Building Pull Requests

Pull request builds are an essential part of Travis CI. Whenever a pull request is opened on GitHub, Travis CI builds it and updates the status icon on the pull request page.

How Pull Requests are Built #

When a pull request is opened on GitHub, Travis CI receives a notification and runs a build. During the build, we update the status icon of the pull request to one of the following statuses:

  • a warning that the build is still running.
  • a notification that the build failed – the pull request should not be merged.
  • a notification that the build succeeded – the pull request can be merged.

Travis CI builds a pull request when it is first opened, and whenever commits are added to the pull request. Rather than build the commits that have been pushed to the branch the pull request is from, we build the merge between the source branch and the upstream branch.

To only build on push events not on pull requests, disable Build on Pull Requests in your repository settings.

Pull Requests and Security Restrictions #

The most important restriction for pull requests is about secure environment variables and encrypted data.

A pull request sent from a fork of the upstream repository could be manipulated to expose environment variables. The upstream repository’s maintainer would have no protection against this attack, as pull requests can be sent by anyone who forks the repository on GitHub.

Travis CI makes encrypted variables and data available only to pull requests coming from the same repository. These are considered trustworthy, as only members with write access to the repository can send them.

Pull requests sent from forked repositories do not have access to encrypted variables or data.

If your build relies on encrypted variables to run, for instance to run Selenium tests with BrowserStack or Sauce Labs, your build needs to take this into account. You won’t be able to run these tests for pull requests from external contributors.

To work around this, restrict these tests only to situations where the environment variables are available, or disable them for pull requests entirely, as shown in the following example:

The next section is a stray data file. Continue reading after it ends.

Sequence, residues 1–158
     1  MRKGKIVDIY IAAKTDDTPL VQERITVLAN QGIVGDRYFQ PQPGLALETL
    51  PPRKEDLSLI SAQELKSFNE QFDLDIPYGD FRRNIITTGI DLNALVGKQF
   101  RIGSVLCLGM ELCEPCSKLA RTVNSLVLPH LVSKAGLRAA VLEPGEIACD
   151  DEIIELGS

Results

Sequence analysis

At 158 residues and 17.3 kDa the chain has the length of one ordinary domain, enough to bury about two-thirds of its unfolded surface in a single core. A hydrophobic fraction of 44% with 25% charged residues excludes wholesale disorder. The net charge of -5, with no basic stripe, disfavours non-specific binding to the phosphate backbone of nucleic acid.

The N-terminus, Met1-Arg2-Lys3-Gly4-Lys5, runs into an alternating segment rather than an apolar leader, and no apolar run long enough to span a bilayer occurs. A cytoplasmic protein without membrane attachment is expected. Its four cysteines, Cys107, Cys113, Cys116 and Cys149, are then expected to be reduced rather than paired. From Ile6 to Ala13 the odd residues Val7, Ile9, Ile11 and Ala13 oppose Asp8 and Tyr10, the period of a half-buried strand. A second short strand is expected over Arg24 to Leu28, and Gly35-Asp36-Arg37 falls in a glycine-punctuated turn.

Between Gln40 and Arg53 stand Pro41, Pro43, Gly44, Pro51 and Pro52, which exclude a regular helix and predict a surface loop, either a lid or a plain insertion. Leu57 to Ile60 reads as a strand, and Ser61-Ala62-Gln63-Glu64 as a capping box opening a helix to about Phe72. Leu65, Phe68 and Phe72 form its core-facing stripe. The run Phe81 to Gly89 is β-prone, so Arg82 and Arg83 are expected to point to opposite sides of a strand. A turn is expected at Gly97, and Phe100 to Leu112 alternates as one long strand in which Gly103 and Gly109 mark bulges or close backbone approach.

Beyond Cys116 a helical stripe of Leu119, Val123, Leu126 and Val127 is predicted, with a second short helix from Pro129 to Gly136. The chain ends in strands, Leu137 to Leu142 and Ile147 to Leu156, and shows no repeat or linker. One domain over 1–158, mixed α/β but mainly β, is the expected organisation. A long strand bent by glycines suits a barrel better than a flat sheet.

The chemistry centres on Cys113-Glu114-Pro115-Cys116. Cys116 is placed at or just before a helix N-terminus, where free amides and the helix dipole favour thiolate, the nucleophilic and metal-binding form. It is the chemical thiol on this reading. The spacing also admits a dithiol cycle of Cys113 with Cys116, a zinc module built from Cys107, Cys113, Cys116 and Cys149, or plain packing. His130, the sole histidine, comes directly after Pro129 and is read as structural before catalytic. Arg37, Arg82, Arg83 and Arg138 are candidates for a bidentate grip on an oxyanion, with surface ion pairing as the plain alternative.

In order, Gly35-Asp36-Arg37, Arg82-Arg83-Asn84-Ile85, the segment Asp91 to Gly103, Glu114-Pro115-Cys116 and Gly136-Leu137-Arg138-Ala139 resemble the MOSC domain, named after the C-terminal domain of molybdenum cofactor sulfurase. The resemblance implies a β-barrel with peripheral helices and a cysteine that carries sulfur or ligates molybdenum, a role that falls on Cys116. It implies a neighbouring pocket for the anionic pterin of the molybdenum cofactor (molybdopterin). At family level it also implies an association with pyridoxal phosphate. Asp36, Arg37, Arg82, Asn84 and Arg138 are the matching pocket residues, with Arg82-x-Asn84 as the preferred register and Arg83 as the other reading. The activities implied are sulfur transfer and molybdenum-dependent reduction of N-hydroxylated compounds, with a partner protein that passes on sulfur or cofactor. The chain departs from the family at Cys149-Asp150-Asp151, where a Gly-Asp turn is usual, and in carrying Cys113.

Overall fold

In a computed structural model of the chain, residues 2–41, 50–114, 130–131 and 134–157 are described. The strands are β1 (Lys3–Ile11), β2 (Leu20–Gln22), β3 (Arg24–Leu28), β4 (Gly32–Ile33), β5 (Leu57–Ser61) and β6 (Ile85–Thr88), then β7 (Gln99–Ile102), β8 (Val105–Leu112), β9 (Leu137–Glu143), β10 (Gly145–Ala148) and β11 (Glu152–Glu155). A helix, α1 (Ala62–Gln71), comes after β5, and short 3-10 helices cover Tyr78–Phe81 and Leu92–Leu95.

script:
   - 'if [ "$TRAVIS_PULL_REQUEST" != "false" ]; then bash ./travis/run_on_pull_requests; fi'
   - 'if [ "$TRAVIS_PULL_REQUEST" = "false" ]; then bash ./travis/run_on_non_pull_requests; fi'

My Pull Request isn’t being built #

If a pull request isn’t built or doesn’t show up in Travis CI’s user interface, that usually means that it can’t be merged. We rely on the merge commit that GitHub transparently creates between the changes in the source branch and the upstream branch the pull request is sent against.

So when you create or update a pull request, and Travis CI doesn’t create a build for it, make sure the pull request is mergeable. If it isn’t, rebase it against the upstream branch and resolve any merge conflicts. When you push the fixes up to the pull request, Travis CI will happily build them.

Travis CI also currently doesn’t build pull requests when the upstream branch is updated, as this would lead to an excessive number of new builds.

If the pull request has already been merged you can’t rerun the job. You’ll get an error like:

The command "eval git fetch origin +refs/pull/994/merge: " failed

Restoring the branch of a merged pull request will not trigger a build, nor will pushing a new commit to a branch that has already been merged.

‘Double builds’ on pull requests #

If you see two build status icons on your GitHub pull request, it means there is one build for the branch, and one build for the pull request itself (actually the build for the merge of the head branch with the base branch specified in the pull request).

Build pushed branches and Build pushed pull requests control this behaviour.

See Also #